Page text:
This is Part 2 of a 3 part series on Twitter Strategy for Business. Part 1 is here Part 3 is here

Previously I posted about twitter and business. In that article I discussed a businesses entrance to twitter. and introduced the problem many brands run into on twitter. Here I aim to suggest a solution. In the next article I will go into more detail on strategy, frequency and ROI.

The Perfect Trivium, a proposed solution

courtesy .finding.ireland. @ flickr

courtesy .finding.ireland. @ flickr

I explain better though examples. Meet Susan. Susan works for Widget Makers Inc. She has been tasked with selling more widgets and is supposed to get people excited about their new widgets while cutting their media placement (read: advertising budget). I recommend Susan create three twitter accounts. (twitter is only one aspect of a full social media campaign, see facebook strategy for another, more to come)

  • One twitter account for personal example username: Susan1974
  • One twitter account for the person behind the brand: SusanWMI
  • One twitter account for the brand as whole:  WidgetMakersInc

Here are a couple of real life examples:

So you have the three accounts setup, but what can be or should be said from each account?

Personal twitter account content

Typically people using a personal account talk about what they are having for breakfast or where they are going or meetings they are in or philosophy they are thinking of. Mostly I recommend posting what you want people to talk to you about. Do you want people to know about your office’s new pet pig? Would you want to be known as a money man? How about a person who knows SEO? If you talk about these things, and if you share some information or links you will find that people who have similar interests will follow you. Once they follow you they might add to a conversation you’re having. This is where twitter gets interesting, the conversation. This is after all Social Media!

Person behind the brand twitter account content

courtesy Walker Dukes @ flickr

courtesy Walker Dukes @ flickr

This is a tough account for most people to understand. I recommend talking about industry specific things. In my day job I have a lot of IT vendors who take me out to lunch and talk about what’s going on in the industry. They will tell me why I should be concerned about a certain product or what impact the current news/trends have on my business. They are feeding me information constantly, all while being personal, they know my wife and kids’ names they know about my business and what I do. If they talk about a recent trip to a industry conference I know it will apply to IT products.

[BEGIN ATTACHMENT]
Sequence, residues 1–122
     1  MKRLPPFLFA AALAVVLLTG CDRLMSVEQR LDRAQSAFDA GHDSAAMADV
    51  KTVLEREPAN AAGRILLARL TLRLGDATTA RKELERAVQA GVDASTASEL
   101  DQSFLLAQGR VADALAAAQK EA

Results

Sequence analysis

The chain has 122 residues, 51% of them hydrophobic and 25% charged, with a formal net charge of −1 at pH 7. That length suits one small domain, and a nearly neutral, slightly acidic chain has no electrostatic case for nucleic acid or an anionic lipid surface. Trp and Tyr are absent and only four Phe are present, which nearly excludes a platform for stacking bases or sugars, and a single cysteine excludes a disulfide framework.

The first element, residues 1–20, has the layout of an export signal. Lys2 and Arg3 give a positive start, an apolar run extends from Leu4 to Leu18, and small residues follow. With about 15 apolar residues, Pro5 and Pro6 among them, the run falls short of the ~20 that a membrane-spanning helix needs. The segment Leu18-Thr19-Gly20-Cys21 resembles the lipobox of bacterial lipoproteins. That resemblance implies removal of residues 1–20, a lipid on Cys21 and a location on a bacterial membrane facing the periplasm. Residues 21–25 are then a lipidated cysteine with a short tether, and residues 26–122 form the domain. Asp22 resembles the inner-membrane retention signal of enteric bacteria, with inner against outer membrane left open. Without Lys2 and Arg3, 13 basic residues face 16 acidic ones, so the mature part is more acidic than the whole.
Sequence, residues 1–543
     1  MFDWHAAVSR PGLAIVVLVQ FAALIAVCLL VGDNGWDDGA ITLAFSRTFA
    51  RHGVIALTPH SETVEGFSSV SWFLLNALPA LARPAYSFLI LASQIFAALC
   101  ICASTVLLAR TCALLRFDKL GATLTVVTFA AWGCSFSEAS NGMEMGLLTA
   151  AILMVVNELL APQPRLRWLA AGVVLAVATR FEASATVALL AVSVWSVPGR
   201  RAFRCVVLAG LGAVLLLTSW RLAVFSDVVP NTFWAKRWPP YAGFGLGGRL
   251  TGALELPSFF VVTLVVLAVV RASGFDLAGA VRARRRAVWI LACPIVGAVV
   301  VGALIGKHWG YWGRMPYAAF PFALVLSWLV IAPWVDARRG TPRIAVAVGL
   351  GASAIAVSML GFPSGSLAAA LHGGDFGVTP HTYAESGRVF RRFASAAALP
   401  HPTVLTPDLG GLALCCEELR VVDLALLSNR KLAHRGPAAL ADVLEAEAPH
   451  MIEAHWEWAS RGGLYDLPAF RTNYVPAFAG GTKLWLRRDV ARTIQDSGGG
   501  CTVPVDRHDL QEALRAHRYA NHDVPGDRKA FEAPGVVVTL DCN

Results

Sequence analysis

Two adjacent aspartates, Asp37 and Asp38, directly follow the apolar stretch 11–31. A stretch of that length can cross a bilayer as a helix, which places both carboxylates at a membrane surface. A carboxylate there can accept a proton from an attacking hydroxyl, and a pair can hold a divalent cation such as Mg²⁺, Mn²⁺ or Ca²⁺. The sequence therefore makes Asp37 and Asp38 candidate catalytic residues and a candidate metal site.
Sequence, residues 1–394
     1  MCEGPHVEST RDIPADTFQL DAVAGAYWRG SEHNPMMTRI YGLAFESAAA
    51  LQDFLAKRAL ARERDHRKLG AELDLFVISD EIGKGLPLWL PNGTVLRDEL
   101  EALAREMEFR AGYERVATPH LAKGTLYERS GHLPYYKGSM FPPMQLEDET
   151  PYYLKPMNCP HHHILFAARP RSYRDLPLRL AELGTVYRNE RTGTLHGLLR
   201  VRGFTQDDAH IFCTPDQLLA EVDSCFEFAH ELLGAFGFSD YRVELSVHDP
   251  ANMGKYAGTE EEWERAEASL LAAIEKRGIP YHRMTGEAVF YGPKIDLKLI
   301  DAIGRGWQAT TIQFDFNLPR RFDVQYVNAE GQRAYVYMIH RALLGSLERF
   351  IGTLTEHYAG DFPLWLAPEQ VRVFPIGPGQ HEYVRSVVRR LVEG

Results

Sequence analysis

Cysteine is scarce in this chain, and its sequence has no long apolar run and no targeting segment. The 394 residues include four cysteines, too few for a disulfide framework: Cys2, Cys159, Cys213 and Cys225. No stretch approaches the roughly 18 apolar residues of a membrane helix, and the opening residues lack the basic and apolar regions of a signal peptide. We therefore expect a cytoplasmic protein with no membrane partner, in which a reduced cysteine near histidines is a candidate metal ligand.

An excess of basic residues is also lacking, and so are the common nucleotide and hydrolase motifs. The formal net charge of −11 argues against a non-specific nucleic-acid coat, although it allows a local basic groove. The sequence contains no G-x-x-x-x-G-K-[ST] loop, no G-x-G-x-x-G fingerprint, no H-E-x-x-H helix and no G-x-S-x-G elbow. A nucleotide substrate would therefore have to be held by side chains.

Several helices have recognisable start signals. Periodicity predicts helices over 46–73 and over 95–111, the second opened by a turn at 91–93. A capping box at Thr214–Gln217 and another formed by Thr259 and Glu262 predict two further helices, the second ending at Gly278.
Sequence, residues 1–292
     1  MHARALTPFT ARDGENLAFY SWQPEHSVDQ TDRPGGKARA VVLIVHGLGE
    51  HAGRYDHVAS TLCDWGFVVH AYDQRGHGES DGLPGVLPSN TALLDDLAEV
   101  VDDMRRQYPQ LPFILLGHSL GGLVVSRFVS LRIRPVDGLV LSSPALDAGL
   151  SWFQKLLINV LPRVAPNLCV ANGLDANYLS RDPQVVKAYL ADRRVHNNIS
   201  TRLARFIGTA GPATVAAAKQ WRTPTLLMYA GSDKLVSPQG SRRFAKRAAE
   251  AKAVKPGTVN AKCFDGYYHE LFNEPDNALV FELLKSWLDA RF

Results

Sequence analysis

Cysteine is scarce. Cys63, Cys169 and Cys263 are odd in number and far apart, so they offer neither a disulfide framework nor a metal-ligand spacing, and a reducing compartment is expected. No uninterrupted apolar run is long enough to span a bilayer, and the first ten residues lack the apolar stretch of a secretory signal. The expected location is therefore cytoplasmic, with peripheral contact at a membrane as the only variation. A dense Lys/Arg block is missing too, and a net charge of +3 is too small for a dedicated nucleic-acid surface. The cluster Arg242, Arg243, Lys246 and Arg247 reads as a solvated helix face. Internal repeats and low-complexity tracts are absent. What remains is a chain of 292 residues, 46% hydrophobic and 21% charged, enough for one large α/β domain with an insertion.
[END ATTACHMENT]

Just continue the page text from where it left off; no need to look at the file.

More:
Similarly the fake account mentioned above for SusanWMI would talk all about the new Widget line. The account would interact with people who are talking about widgets or which widget to buy for their spouse’s birthday etc. SusanWMI is seen as a brand advocate. I can interact with her, tell her my complaints and know that she is a person and will get back to me tomorrow if it’s late in the day. I also know that the stuff she puts in this account will not be of a very personal nature, I will know nothing about Susan’s kids, or her dog, or what she ate for breakfast –unless of course it was a widget! I will know from her how cool it is to work for WMI, and how much fun they have talking about, creating, designing widgets. I might also learn the intricacies behind developing new products and the new FDA rules for lead levels and how it affects their product or it’s price etc. Are you getting the picture yet?

Susan would encourage conversations, and be actively searching the twitterverse for people to interact with. (This series does not deal with consumption of twittter, instead how to engage in conversations. More on consumption later.) She might ask questions like, “What color widgets would you like to see?” Or “What are your favorite memories of widgets from your growing up years?” She is the personal connection to the brand and desires people to interact with her.

Brand twitter account

This account can do many different things, but primarily is not a personal account. There is no personality. It exists to be a PR outlet for the organization. There might be coupons or discount codes, links to blog posts or news articles, mentions of what events they are sponsoring or new stores/developments. This is not a place for talk of traveling or if it’s cold in the office this morning.

WMI from our example above would probably post information of new stores that are carrying their product and new product announcements. They could offer links to articles and coupons. This would be a channel to follow for the employee or the consumer/client but they would not interact with it. or if they tried to Susan would respond from the Person behind the brand account.

Other accounts?

As if three were not enough to manage, there are other accounts to be considered. For Example an internal HR account with protected updates which exists to communicate with their employees or their sales staff via twitter. Since this account is private and not for public consumption it is not part of the Trivium.

So now you have the how to get on twitter, and the structure of the accounts, but what about the frequency of posting? What are the goals for these accounts? And ultimately what is my ROI for using twitter for my business?

Read Part 3: Twitter for Business Strategy Part 3: Applying the Trivium of Twitter Accounts.